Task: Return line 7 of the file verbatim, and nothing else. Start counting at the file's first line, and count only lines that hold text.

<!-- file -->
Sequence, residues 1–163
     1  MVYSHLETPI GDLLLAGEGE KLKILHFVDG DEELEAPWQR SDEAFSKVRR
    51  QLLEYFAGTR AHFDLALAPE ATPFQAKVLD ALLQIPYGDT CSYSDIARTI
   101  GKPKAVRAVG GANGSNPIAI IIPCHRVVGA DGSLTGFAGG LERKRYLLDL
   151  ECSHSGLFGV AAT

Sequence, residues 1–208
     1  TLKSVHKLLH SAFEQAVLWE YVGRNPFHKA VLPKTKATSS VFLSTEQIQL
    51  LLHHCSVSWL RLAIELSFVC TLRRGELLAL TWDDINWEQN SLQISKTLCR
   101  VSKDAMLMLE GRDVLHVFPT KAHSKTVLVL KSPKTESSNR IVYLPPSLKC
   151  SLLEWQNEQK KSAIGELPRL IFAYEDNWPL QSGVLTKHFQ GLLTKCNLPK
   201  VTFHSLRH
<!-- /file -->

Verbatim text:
     1  TLKSVHKLLH SAFEQAVLWE YVGRNPFHKA VLPKTKATSS VFLSTEQIQL